Lab-raised chicken gets the first FDA label, deemed safe to eat

The way you eat chicken may not change, but the way your chicken is produced may soon look unrecognizable.

For the first time, the U.S. Food and Drug Administration ruled this week that lab-grown meat — cultured chicken from Upside Foods — is safe to eat, calling it “cultured chicken cell material.” It described the company’s harvest of “multicellular tissue for use as human food” rather unattractive, and the cultured chicken cells as having “characteristics of muscle and connective tissue.”

The meat, unlike the butchered variety, is cultured with animal cells and grown in a lab. There’s still a long way to go before you can buy it at your grocery store, but Wednesday’s green light was an important regulatory step, and the implications of the technology are intriguing.

From an environmental point of view, the process has several advantages. For example, less land is needed than with traditional methods, which could reduce deforestation and biodiversity loss – consider the entire area of ​​jungle cleared for cattle grazing. And compared to slaughterhouses, less water is needed and there is less pollution. That helps explain why Leonard DiCaprio, a big environmentalist in addition to being a Hollywood celebrity, has invested in a number of meat-growing startups, including Mosa Meat and Aleph Farms.

Of course, the thought of flesh growing in large tanks is hardly appealing. But the process could produce cleaner and safer meat than sprawling slaughterhouses, which are particularly vulnerable to contamination from E. coli, salmonella and other pathogens.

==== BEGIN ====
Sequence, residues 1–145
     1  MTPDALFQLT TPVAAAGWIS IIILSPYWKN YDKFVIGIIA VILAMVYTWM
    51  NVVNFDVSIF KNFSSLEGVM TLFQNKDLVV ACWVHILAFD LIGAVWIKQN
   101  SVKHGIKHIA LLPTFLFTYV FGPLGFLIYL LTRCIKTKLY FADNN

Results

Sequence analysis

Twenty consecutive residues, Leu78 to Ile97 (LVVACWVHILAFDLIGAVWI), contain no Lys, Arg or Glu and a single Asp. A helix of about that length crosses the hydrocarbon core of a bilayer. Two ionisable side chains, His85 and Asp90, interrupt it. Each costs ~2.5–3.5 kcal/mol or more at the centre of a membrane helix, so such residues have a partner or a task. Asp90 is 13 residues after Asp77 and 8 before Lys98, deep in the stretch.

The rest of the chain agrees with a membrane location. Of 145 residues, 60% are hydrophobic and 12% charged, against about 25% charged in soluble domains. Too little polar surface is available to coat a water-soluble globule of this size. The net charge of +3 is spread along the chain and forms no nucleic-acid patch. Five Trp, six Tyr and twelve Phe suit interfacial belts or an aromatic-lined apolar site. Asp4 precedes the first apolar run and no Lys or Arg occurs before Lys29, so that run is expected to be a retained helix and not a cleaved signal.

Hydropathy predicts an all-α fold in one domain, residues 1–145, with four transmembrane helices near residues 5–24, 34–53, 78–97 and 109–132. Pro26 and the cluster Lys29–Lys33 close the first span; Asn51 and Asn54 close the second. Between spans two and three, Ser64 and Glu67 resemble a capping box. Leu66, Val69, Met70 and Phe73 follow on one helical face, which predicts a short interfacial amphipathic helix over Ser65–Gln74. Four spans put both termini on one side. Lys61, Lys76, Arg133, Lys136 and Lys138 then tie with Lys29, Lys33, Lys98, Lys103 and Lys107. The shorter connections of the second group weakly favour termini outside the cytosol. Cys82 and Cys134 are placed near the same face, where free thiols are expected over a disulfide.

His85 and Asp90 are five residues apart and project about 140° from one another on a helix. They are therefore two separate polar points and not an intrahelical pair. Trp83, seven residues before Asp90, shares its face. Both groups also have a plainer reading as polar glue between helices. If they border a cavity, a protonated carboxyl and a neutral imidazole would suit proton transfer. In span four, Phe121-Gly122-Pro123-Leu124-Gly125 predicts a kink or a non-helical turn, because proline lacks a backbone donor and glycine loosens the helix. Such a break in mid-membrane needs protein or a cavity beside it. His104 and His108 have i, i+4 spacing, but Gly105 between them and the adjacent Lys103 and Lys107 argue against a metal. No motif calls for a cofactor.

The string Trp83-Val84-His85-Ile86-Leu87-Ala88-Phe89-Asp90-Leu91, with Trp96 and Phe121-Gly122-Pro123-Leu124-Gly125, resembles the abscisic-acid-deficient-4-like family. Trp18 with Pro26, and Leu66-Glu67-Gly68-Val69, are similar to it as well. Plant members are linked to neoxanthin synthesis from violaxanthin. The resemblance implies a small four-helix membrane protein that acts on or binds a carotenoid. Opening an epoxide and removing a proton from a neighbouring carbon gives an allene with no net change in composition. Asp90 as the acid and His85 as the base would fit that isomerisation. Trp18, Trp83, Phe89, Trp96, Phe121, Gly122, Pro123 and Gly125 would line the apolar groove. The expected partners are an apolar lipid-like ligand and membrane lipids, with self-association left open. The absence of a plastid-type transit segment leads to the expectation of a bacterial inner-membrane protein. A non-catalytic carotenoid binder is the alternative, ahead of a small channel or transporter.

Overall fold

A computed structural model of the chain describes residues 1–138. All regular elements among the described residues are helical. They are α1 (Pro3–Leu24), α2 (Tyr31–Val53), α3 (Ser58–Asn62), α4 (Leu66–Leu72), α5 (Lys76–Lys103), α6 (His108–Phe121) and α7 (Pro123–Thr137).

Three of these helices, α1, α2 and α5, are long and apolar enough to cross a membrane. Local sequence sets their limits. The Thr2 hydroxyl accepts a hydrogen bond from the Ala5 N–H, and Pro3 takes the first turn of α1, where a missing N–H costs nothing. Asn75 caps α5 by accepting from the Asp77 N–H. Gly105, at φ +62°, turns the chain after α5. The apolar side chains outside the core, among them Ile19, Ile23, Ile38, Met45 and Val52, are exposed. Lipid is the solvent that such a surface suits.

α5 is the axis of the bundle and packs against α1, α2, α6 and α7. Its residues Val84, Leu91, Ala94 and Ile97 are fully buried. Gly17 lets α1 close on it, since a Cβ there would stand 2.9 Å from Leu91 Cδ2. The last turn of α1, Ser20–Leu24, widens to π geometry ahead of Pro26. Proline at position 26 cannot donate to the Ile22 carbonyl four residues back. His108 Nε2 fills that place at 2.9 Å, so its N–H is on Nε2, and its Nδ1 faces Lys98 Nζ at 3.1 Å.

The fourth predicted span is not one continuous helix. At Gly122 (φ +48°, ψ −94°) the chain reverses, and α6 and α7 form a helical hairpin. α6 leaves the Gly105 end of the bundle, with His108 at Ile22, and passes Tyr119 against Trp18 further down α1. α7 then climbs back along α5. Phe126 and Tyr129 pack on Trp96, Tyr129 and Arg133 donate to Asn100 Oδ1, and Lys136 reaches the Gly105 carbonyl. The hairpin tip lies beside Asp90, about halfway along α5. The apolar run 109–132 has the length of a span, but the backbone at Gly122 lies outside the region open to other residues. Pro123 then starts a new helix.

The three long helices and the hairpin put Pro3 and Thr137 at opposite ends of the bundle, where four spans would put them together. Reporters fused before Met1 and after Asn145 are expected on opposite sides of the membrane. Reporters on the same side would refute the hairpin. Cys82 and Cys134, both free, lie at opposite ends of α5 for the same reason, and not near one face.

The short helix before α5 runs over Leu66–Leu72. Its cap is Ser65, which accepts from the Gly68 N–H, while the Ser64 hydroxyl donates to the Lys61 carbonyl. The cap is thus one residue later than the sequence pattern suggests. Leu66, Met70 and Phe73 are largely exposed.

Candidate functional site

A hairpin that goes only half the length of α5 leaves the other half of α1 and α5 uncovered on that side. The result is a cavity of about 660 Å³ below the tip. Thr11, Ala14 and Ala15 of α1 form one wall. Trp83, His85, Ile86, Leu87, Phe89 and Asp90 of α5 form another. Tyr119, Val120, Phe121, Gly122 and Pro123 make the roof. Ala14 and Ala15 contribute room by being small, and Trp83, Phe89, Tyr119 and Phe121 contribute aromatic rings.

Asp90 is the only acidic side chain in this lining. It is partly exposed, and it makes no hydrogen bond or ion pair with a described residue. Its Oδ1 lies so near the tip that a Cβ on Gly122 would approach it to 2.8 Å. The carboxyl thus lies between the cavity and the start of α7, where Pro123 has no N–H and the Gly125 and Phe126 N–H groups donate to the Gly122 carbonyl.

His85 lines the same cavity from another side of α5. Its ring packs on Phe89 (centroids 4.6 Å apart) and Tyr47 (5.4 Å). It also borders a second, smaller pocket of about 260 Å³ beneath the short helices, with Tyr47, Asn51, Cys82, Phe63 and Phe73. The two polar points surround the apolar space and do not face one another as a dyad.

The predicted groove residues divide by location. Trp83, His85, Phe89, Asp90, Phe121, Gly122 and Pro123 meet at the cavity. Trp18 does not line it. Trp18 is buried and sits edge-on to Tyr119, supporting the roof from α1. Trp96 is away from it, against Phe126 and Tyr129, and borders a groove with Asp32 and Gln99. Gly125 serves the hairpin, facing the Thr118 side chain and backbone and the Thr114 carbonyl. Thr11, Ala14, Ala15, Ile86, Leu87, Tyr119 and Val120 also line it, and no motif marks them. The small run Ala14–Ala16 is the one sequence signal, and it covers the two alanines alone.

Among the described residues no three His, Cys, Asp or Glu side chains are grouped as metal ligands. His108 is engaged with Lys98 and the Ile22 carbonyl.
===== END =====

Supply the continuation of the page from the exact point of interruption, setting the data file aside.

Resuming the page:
Lab-grown meat could also tackle the growing risk of antibiotic resistance. The overuse of antibiotics in factory farms is fueling more antibiotic-resistant infections in humans, leading to “longer hospital stays, higher medical costs and increased mortality,” according to the World Health Organization.

For now, lab-grown meat is not cost-competitive with conventional varieties. Then again, the same was true of plant-based meat at first, but today you can buy a six-pack of Impossible “burger” patties for under $13.49 at Target.

Some people may have ethical problems with using fetal bovine serum — obtained by collecting blood from the unborn calves of pregnant cows after slaughter — to make some lab-grown meat. But several companies are trying to shift away from that to animal-free options.

The regulatory process is yet to go. Upside Foods still needs to be cleared by the Food Safety and Inspection Service, which is part of the U.S. Department of Agriculture.

But “this milestone marks a major step towards a new era in meat production,” CEO Uma Valeti said in a statement. “I am thrilled that American consumers will soon have the opportunity to eat delicious meat grown directly from animal cells.”

If you can’t wait for the products to hit shelves in America, head to Singapore, which has already approved meat for lab sale. Last year in the city-state, GOOD Meat, another cultured meat startup, said a Cantonese restaurant at a JW Marriott resort would begin replacing the meat in its traditional steamed chicken buns with the cultured variety.

“No-kill meat will replace conventional meat at some point in our lives.” The faster we make that happen, the healthier our planet will be,” Josh Tetrick, CEO of GOOD Meat parent Eat Just, said at the time.

Other eateries and notable chefs have since agreed to cook with lab-grown meat, and in June GOOD Meat pioneered Asia’s largest cultured meat facility.

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